Many significant 1's for Dennis Brown
In a few hours time, we should be celebrating the 59th anniversary of the birth of legendary reggae artiste Dennis Brown, OD.
He was fittingly dubbed 'The Crown Prince of Reggae' for the enormous contribution he made in popularising Jamaica's reggae music across the globe.
Truth be told, his efforts and achievements in the music business were surpassed only by the Reggae King, Bob Marley. As we prepare to enter Reggae Month tomorrow, we can't
help but remember and reminisce on Brown's contribution as it played a major role in influencing organisers to declare the month of February Reggae Month.
If numbers are anything to go by, then the number one, seems to have been very much a part of Brown's life: He was born on day No. 1 in Reggae Month; He died on day No. 1 in the month of July, which happens to be International Reggae Day; and he was rated by many as Jamaica's No. 1 vocalist in popular music, insofar as it relates to voice quality, quality of his output and the quantity of his output. It is said that Brown had over 60 albums to his credit.
In addition, he created another first when he became the first and only Jamaican recording artiste in popular music to be interred in The National Heroes Park - a place reserved for national heroes, heads of state, governors general, and other distinguished persons.
His vocal qualities were undoubtedly one of the best, but the love and admiration that his fans had for him certainly added to his stature. There is hardly any doubt that Brown was the best-loved Jamaican singer by virtue of his close association with his fans, his affable character, and his generous ways.
As a young boy, living with my aunt along Orange Street (downtown Kingston) - the Mecca of Jamaica's popular music during the 1960s I was privileged to have interacted with him on several occasions. I remember him walking to and fro, with guitar in hand along that busy musical corridor, almost like a man possessed, perhaps contemplating a way he could get into the music business.
It was at a place called 'Big Yard' - a Gothic-looking structure with predominant red bricks that supported columns and walls, situated almost at the intersection of Orange and North streets in downtown Kingston - that Brown was
born on February 1, 1957. He attended the Central Branch School along Slipe Road in Kingston as a pre-teen, and even from that early age, one could detect his eagerness to get into the music business.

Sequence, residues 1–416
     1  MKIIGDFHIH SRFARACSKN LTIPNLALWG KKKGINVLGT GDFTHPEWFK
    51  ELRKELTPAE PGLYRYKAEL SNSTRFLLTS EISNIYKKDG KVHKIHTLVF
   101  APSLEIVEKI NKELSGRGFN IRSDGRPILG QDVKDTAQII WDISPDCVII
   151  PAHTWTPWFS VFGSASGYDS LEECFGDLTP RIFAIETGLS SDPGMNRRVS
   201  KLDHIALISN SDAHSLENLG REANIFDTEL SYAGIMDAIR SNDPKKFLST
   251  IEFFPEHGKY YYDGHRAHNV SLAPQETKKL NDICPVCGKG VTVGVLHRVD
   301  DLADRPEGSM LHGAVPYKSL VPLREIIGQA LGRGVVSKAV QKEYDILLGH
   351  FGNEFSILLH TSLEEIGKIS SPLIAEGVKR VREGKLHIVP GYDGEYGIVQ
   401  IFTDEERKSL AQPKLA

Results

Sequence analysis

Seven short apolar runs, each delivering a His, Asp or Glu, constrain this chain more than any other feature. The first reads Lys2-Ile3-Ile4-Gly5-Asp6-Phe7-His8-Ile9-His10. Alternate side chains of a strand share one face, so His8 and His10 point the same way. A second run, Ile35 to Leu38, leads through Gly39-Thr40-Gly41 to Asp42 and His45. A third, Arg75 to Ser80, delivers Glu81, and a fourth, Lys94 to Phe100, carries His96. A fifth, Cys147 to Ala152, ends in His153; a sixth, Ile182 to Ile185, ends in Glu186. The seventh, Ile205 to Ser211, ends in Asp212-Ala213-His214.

His earliest influence and inspiration was his father, Arthur, a scriptwriter and actor who frequently took the youngster to his performances. According to Dennis, "My father was a dramatist who wrote plays, and I feel that is where the performing side of me came from."
Clement 'Coxson' Dodd - Studio 1's boss - rightly claimed that he brought Brown into the music business with a recording titled No Man Is an Island, in 1969, but were it not for the efforts of the legendary singer-record producer Derrick Harriott, that might never have been a reality. A Van Dykes original, the song was given to Brown by Harriot to rehearse and prepare for a recording session, with Harriott as producer.
As destiny would have it, Harriott had to leave the island about that time, and Brown, in his eagerness, took the song to producer Dodd. and it created history. No Man Is an Island became Dennis Brown's first No. 1 hit, launched his career, and shot him to prominence on the Jamaican music scene. But unknown to many, that wasn't Brown's first studio work. A year earlier, Brown recorded for Harriott a recording titled Obsession, which was never released but was re-recorded and later released in 1970 under the title Lips of Wine.
Quizzed as to the rationale behind the change of title, Harriott said, "Obsession wasn't catchy enough, and since the punch line 'lips of wine', seemed more commercial, I decided to go along with it." It was one of the gems from Brown's earlier days, mounted on a sweet reggae rhythm with equally romantic lyrics:
"I've been thinking lately, much of my baby
Thinking how she needs me, yeah
And I don't seem to know if she's feeling so bad
Feeling so bad, feeling so bad
Maybe it's better if I forget her
Let her go on.
How I long to hold her
How I long to hold her close to me
Maybe someday she will change her mind
And let me taste her lips of wine"
While with Studio 1, Brown recorded the hit songs Going to a Ball, Created by the Father, and Love is Amazing and appeared on several shows around the island. His second album for Studio 1, If I Follow My Heart, in 1970, followed No Man Is an Island. The floodgates then began to open with his sojourns to several local producers, including Niney the Observer, Lloyd the Matador, Phil Pratt, and Joe Gibbs, which produced the hits, Baby Don't Do It, Things in Life, Silhouettes, Black Magic Woman, What About The Half, and Money in My Pocket, which rode high on the UK charts and became his biggest hit to date, all this happening before he had exited his teens.
His remarkable writing skills, along with his ability to play drums and guitar, augured well for his later career, and by the mid-1970s, Brown became so much in demand for overseas engagements that he spent much of his time away from home.
In the meantime, he continued his forays into the recording studios with a plethora of hit singles and albums. Perhaps his association with producer Joe Gibbs was his most fruitful, producing the classic albums Words of Wisdom, Foul Play, and Spellbound, while the singles Sitting and Watching, for the Taxi label, Inseparable, Coming Home, and Love Has Found Its Way were big chart toppers.
Brown died on July 1, 1999, from what was described as respiratory issues, which led to pneumonia.